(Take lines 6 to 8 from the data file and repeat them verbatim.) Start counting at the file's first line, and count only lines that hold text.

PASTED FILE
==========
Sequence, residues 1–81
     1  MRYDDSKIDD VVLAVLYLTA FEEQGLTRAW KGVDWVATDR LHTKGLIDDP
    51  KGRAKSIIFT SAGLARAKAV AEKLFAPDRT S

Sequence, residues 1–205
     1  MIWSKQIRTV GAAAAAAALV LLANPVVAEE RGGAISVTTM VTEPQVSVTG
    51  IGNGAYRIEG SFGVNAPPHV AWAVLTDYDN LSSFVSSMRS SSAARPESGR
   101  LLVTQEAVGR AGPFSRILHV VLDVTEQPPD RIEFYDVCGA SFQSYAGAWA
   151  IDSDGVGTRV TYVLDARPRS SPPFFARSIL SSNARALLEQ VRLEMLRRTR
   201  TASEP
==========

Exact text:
    51  IGNGAYRIEG SFGVNAPPHV AWAVLTDYDN LSSFVSSMRS SSAARPESGR
   101  LLVTQEAVGR AGPFSRILHV VLDVTEQPPD RIEFYDVCGA SFQSYAGAWA
   151  IDSDGVGTRV TYVLDARPRS SPPFFARSIL SSNARALLEQ VRLEMLRRTR